Government policy on forestry is to increase species diversity by means of targeted supports and measures within the nationally funded afforestation programme. The current programme expires at the end of 2020. Publicly funded afforestation has been a central part of Government policy for many years now given the many benefits which forestry presents, not least for our rural economy and for the environment and climate policies.
The supports available were reviewed as part of the Mid-Term Review of the programme, which concluded in 2018. Following the review a 7% increase in grant and 5% increase in premium rates were introduced for broadleaf planting categories. Increased rates for Agro forestry and forestry for fibre categories were also introduced. In addition the minimum mandatory requirement for broadleaf planting per site was increased from 10% to 15%, with a resultant increase in the percentage planted in 2018 to 27%, up from 21% in 2017. My Department has also introduced the first ever continuous cover forestry scheme in Ireland this month as part of a suite of biodiversity related measures in order to give landowners more options when it comes to felling.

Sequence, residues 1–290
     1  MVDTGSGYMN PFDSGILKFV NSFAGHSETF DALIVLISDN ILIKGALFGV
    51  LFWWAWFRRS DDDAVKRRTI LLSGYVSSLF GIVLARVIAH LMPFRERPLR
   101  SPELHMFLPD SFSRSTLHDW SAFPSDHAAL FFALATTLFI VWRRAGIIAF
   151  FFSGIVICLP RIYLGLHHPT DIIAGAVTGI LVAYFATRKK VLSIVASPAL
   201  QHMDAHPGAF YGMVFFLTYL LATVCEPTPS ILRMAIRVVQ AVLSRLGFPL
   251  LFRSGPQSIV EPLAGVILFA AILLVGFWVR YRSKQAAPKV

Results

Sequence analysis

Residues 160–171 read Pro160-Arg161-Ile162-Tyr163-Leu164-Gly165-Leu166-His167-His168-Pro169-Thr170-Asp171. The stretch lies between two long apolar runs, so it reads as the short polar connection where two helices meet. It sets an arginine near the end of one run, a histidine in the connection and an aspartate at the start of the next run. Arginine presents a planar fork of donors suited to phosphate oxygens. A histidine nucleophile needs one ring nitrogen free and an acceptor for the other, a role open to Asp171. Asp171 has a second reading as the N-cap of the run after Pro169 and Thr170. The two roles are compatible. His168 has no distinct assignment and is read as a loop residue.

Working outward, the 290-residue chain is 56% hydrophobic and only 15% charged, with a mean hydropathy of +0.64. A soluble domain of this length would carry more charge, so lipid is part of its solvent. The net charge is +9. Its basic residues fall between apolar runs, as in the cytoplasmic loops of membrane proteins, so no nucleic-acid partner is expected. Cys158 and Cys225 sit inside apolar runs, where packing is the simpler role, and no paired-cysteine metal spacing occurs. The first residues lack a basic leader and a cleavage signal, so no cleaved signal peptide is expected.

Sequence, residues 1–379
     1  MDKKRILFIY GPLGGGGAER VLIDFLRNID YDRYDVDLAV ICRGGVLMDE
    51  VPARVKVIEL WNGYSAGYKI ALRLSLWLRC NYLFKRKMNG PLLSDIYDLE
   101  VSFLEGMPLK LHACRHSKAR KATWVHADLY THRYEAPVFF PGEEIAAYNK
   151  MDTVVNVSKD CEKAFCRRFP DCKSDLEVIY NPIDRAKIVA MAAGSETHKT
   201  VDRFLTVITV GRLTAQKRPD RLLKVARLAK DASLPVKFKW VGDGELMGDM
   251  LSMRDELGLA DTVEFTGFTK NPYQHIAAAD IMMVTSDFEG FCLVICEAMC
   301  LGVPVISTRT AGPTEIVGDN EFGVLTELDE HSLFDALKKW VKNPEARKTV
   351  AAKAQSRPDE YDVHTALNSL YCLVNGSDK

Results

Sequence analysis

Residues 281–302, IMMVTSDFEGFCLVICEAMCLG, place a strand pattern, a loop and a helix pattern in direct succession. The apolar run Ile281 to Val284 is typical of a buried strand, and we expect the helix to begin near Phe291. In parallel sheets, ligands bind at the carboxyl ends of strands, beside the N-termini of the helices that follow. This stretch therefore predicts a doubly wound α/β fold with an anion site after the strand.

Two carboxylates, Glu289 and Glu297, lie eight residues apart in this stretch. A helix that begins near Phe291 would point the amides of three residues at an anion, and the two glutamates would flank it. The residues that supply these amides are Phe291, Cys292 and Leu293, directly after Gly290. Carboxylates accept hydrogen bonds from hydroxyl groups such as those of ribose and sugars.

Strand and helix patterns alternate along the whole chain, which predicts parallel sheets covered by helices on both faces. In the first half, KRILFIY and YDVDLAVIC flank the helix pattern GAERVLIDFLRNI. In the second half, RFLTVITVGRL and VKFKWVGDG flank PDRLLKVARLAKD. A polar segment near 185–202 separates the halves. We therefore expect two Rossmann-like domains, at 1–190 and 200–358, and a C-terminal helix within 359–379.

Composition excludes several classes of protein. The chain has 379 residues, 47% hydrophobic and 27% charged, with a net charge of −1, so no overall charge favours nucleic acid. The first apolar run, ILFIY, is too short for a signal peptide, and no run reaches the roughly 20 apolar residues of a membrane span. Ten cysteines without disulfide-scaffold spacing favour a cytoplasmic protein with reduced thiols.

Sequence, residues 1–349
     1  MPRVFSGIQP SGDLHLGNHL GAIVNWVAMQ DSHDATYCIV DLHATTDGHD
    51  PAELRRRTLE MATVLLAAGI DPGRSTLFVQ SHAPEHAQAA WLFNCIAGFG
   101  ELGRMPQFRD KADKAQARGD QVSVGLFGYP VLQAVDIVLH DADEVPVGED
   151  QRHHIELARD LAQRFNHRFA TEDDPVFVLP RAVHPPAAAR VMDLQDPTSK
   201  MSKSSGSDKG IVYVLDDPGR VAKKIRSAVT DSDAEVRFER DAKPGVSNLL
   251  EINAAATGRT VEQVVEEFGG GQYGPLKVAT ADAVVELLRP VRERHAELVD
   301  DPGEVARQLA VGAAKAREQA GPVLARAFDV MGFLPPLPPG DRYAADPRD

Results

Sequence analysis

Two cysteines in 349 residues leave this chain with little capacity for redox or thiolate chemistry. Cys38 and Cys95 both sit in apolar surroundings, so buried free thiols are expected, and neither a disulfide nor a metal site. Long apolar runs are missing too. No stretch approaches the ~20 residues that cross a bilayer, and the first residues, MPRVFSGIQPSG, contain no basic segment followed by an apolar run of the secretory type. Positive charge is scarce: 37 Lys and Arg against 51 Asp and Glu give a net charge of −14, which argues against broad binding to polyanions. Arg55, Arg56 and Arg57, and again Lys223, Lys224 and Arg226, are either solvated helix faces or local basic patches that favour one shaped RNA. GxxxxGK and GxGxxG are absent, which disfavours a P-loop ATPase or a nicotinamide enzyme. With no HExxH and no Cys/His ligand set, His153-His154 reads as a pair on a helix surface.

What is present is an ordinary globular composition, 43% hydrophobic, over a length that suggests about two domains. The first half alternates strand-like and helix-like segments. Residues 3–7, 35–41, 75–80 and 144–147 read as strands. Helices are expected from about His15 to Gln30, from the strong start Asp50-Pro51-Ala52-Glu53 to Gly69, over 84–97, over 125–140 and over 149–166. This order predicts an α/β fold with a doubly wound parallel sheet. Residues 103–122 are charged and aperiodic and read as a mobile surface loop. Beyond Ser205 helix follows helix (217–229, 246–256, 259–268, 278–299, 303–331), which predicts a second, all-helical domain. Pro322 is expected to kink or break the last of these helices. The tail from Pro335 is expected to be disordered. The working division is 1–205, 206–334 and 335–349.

It's worth noting that all forests have an important role in climate action through the removal and storage of greenhouse gases from the atmosphere and by supplying sustainable and renewable materials that support the decarbonisation of our economy. Under the Effort Sharing Regulation covering the period 2021 to 2030, Ireland has the ability to account up to 26.8 million tonnes of carbon dioxide removals by the land use sector towards our emission reduction targets. Removals of greenhouse gases by afforested land are forecast to amount to 22 million tonnes of carbon dioxide over this period.
As regards Co. Leitrim, my colleague Minister Andrew Doyle announced a study last week. This evidence-based review will assess the impacts of forestry in the county, both positive and negative and will help to inform both the local community and Government policy on forestry, rural development and land use.